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03 Mar 2003

Dear Prof.

Thank you for your reply. My boyfriend's control problem have made me aware of another dimension of human behaviour. I am amazed that people with this problem all have these common traits. I never understood why he behaved the way he did, and was shocked at how accurately the questionnaire summarised his behavioural characteristics. Some questions:

1. Why do you think it is that people feel the need to be in control?
2. What is the root cause of this problem?
3. Can it be treated through psycological therapy?

I do not know whether there is hope for us. In a way I understood him and have sympathy with him, because he always apologised afterwards, but then the emotional damage was done. It is very hard for me to accept that we have to part, apart from the emotional abuse we also shared many happy times, and we were very good friends but I do not think I could switch from being lovers to just being friends. He is very sad and feels that there is nothing he can do about himself and that he is better off living his life alone because he could not keep me and cannot have successful relationships with people. More manipulation perhaps?? I am very confused, I can't see the wood from the trees anymore. I told him that I am only prepared to carry on seeing him if he sees a psycologist, I would even attend with him, but he does not want to and he won't say why. He went twice about 8 months ago and never again. Why does he feel that he cannot do anything about changing himself, I would have thought that if a guy really wanted a girl he would do whatever it took! Maybe I must just let go and move on with my life.

Kind regards

Answer 378 views

01 Jan 0001

Dear Sunny,
"Why?" questions are often suprisingly difficult to answer. For instance, he tries to control you, to a degree. Some people, who don't have much of a sense of being in charge of their own lives, or don't want to take responsibility for being in charge, might find that delightful ! You, like most of us, value your autonomy and prefer to be in charge of your own major decisions. Why ? That's not too easy for you ( or we ) to answer, is it ?
Perhaps earlier in life some of us are encouraged to take charge of and accept responsibility for our own decisions ( learning to value such autonomy / responsibility ) but perhaps where this happens among other rationally autonomous adults, we get used to accepting this not only as a pattern but as one that works well and has good results, and we are used to others making their own decisions, and not encouraging us to take charge of them.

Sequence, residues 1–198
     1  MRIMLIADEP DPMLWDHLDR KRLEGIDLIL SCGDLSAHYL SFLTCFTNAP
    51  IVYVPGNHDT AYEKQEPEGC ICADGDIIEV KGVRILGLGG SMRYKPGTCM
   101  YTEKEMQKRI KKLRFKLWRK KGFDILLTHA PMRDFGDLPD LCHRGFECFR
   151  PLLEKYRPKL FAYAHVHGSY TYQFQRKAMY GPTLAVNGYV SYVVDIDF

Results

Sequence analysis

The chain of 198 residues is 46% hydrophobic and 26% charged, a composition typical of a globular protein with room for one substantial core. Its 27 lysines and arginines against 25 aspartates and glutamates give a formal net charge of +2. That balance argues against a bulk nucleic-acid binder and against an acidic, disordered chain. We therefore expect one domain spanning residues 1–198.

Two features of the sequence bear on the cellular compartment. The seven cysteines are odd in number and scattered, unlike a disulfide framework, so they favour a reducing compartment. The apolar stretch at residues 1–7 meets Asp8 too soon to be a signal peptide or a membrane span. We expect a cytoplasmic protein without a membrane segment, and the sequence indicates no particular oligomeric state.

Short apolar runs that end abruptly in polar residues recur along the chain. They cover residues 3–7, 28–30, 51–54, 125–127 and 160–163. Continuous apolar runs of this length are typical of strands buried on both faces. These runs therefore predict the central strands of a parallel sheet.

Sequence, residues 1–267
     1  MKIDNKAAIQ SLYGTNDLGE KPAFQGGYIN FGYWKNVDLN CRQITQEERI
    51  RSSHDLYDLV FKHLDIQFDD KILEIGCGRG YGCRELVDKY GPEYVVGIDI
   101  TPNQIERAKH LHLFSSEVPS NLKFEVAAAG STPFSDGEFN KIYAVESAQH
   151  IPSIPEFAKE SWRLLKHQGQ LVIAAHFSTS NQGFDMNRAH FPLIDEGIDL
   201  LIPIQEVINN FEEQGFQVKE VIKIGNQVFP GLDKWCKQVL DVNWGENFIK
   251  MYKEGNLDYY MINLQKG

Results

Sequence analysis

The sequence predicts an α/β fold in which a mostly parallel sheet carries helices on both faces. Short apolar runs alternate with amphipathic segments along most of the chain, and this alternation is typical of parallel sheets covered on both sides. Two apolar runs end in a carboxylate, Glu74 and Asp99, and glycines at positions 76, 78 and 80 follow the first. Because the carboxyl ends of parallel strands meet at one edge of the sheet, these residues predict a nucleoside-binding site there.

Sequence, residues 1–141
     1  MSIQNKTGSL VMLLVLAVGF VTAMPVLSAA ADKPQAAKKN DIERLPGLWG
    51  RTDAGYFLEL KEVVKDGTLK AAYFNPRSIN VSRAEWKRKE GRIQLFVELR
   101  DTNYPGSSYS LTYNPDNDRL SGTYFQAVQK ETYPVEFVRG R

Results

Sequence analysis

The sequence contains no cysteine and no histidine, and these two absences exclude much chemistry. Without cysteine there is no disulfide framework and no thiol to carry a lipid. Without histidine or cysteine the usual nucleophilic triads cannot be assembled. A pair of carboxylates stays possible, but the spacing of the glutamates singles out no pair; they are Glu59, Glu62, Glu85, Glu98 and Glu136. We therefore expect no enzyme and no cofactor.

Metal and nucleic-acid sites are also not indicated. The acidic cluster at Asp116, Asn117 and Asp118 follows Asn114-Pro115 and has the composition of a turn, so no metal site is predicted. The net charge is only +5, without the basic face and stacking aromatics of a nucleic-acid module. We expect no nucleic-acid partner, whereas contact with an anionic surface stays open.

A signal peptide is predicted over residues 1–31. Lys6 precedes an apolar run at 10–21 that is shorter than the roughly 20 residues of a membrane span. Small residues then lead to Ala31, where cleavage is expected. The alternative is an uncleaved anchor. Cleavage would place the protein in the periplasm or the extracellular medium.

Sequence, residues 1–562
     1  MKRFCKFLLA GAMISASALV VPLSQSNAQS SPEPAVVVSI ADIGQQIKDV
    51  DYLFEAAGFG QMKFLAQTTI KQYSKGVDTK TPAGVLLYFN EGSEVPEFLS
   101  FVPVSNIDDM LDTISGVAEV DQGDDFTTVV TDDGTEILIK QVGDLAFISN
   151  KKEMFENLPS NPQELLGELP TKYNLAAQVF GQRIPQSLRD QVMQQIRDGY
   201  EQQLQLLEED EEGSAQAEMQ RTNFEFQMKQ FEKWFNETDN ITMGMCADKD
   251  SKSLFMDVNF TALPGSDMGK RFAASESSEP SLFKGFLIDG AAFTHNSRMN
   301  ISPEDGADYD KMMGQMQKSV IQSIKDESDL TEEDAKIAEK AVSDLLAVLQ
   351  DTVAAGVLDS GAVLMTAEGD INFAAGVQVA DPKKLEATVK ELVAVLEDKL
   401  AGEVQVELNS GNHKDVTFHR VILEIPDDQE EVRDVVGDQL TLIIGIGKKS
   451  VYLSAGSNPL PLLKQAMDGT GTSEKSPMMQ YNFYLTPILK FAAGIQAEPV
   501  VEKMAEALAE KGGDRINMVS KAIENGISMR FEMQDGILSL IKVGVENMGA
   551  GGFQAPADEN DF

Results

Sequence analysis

Maybe others, grow up differently. In some families, people are pushed, from a young age to take responsibility for others, too. Maybe an alcoholic mother or an inadequate father, anyway adults who are bad at being adult, and require their children to take charge for them. Perhaps in some chaotic households, children discover how frightening and damaging it can be where nobody takes charge effectively ; learning both to feel driven to take this role themselves, and to fear whatever they can't control themselves.
Anyhow, it can certainly be dealt with usefully in psychological therapy, though it would need a skilled and experienced psychologist to handle it well. Such people can be difficult to manage in psychotherapy, because they may greatly fear that this is a situation which they can't effectively control, and that the therapist is seeking to take charge of them. This is not, of course, what a wise therapist would seek to do ; but it could feel like that, to such a person.
Perhaps his encounter with a psychologist 8 months ago went badly. Maybe it was a younger, less experienced therapist, who got out of their depth ( and the suspicion that the therapist may be OUT of control of the situation may be especially disturbing for such a person.
Perhaps he can talk a little to you about what happened on this previous attempt at therapy, maybe in the light of your thinking over whether therapy could help you, in this situation, and what his experience was like.
It sounds as if he has a very negative attitude towards his prospects for success in therapy, maybe also a bad attitude towards himself ( "I am an awful person, and I need to keep maximal control over the situation and over anyone I allow to get close to me, for fear that they'll find out how awful I am". )
realise hat, though he might love you very much, we are speaking of rather profound and deep-seated feelings here ; automatic conclusions people draw from a situation, not strictly related to objective facts, but far more convincing. So if he hesitates to engage in therapy for the sake of your relationship, it may be because he fears it for deeper reasons he can't explain, to you or himself ; and not that it's simply refusing something pleasant and easy, for your sake.
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